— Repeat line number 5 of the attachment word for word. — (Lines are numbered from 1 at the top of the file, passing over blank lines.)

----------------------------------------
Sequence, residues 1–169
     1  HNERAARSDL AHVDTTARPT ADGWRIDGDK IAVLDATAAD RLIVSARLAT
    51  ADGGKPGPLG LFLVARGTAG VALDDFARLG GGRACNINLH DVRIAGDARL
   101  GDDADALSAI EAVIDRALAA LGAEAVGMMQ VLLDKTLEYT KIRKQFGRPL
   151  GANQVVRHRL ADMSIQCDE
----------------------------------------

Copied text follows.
   151  GANQVVRHRL ADMSIQCDE